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Home » News » India bans child labour in circuses

India bans child labour in circuses

India’s Supreme Court has banned travelling circuses from employing children and ordered the government to conduct raids on all performing companies to rescue minors.

The court edict followed a petition lodged by a children’s rights group that has lobbied for full implementation of Indian child labour laws, which are regularly flouted by circuses.

Children are often trained to perform high-wire acrobatic acts, juggling stunts and other attractions for audiences in India, where circus companies move from town to town throughout the year.

“The court has ordered the government to rescue all children below 14 years of age and also instructed them to formulate a rehabilitation policy for the minors,” said Colin Gonsalves, a lawyer for the Save the Childhood Movement, which brought the case.

The court order said all children rescued from circuses should live with their parents and that the government should provide care and education if their parents are unable to look after them.

India passed a law nearly 25 years ago banning children under 14 from working in hazardous industries such as fireworks manufacture, and labour legislation has since been extended to cover most employment sectors.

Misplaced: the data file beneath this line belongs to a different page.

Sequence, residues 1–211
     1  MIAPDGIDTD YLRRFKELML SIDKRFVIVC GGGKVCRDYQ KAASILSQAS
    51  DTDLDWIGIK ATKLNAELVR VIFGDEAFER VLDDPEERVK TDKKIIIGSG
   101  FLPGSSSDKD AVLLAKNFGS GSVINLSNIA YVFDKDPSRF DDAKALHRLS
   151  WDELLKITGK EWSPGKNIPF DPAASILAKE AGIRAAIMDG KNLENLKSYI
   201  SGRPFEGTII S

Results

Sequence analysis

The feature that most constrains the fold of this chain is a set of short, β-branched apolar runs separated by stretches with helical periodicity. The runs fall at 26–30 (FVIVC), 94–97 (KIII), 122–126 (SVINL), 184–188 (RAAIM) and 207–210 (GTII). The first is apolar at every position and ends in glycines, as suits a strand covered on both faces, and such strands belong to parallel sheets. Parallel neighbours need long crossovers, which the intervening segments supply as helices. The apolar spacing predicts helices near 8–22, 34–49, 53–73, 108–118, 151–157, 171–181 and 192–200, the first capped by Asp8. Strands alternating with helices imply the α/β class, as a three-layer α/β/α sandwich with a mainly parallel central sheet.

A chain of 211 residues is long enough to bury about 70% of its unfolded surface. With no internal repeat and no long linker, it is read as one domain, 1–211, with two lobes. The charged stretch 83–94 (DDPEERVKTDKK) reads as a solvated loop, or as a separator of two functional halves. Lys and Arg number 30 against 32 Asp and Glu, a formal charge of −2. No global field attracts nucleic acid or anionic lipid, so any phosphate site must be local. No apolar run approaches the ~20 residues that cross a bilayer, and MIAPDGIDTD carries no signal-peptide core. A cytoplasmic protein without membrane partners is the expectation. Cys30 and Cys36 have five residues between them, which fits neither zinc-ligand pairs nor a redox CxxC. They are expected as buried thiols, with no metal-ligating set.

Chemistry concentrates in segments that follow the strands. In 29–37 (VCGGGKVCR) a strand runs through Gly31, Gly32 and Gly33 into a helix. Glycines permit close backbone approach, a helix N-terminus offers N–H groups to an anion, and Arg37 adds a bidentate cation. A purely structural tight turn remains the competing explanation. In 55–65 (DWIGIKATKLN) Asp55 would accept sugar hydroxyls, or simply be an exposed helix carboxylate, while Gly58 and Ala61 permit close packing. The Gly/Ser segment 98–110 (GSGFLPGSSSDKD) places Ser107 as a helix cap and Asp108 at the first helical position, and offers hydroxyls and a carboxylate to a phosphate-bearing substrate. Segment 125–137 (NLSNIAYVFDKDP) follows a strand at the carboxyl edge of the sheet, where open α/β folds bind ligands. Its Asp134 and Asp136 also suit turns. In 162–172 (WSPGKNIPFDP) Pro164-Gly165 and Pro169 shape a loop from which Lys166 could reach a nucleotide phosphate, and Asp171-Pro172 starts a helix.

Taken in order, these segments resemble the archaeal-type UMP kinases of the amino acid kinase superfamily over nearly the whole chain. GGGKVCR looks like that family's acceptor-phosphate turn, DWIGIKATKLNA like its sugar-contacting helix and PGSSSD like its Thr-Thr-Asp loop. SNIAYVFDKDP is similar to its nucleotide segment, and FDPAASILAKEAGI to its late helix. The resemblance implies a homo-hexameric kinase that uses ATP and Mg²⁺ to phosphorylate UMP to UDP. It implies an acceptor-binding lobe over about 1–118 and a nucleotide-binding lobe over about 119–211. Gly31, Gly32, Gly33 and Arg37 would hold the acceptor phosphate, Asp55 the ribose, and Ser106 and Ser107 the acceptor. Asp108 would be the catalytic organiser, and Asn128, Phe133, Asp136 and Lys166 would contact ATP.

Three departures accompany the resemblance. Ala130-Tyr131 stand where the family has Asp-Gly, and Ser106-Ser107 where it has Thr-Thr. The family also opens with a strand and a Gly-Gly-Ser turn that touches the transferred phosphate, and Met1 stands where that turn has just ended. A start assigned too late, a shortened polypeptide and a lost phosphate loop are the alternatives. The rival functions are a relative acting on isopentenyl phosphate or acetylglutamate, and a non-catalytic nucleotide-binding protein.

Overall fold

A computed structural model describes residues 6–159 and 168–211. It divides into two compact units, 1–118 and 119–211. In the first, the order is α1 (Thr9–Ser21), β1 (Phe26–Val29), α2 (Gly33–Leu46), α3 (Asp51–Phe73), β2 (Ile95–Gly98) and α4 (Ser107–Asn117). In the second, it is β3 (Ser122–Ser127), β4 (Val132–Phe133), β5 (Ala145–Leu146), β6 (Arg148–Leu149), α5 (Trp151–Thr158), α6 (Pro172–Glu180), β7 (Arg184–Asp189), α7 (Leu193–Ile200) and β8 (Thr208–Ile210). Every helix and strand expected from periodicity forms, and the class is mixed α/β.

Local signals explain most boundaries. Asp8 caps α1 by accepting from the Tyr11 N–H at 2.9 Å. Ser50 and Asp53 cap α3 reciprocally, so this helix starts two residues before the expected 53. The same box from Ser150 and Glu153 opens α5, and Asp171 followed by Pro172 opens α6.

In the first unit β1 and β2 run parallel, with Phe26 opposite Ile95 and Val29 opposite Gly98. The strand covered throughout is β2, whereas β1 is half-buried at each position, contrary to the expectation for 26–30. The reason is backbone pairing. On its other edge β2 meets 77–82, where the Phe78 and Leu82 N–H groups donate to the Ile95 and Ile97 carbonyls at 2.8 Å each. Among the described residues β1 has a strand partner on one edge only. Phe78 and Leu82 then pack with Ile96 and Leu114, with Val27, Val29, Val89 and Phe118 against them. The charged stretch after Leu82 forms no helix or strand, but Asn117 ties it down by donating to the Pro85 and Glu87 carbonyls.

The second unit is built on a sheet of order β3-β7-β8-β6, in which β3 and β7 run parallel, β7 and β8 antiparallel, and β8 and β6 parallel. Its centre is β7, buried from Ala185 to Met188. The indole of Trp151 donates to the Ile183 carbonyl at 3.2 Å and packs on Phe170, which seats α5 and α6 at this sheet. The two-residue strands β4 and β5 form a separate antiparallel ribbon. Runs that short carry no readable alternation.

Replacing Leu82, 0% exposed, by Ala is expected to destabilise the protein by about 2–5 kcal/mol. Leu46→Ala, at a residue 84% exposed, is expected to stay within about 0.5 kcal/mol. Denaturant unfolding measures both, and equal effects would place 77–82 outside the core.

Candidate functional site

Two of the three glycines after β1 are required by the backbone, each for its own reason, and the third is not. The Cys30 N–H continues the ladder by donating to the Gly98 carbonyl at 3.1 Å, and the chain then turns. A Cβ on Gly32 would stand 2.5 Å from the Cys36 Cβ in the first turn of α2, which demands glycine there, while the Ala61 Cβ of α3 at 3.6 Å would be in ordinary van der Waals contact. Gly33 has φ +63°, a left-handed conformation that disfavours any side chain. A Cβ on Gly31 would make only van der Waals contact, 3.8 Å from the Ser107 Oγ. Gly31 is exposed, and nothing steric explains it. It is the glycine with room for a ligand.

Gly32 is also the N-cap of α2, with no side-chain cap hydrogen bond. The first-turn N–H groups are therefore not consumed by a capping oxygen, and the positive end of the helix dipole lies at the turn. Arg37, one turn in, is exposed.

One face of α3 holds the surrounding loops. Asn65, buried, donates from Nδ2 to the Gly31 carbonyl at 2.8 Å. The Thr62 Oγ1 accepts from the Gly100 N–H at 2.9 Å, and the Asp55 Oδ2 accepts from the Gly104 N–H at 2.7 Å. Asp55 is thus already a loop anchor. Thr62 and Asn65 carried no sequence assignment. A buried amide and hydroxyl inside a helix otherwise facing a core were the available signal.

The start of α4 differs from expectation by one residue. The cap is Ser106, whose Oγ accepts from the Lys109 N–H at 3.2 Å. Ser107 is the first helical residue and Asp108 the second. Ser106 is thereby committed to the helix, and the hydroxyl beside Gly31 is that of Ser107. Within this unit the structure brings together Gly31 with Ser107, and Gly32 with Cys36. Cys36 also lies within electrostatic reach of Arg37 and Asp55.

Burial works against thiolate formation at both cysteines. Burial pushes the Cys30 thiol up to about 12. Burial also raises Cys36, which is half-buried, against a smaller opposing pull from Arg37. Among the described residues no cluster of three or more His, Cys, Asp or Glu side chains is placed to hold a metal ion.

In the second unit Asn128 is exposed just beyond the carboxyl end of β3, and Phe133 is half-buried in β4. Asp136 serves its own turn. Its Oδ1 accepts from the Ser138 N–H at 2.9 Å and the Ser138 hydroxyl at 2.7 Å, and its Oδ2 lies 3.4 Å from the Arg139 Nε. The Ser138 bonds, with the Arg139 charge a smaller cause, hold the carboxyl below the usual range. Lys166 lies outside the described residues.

The laws were amended in 2006 to tackle widespread abuse of the rules, but activists say courts still need to crack down on child labour, which is often rife in restaurants, shops, farms and on building sites.

Circus professionals criticised the court ruling, saying training performers from a young age is crucial to the development of specialist skills.

They point to European circuses that are allowed to sign up children if one parent accompanies them and full education is provided.

“One can only perform acrobatics if rigorous training is imparted at an early age. Children are needed for the job and you cannot train adults for it,” said NV Chandran, a trainer at the Gujarat-based Gemini Circus.

Circuses have suffered a drop in popularity in India as televisions, cinemas and video players have spread into rural areas.

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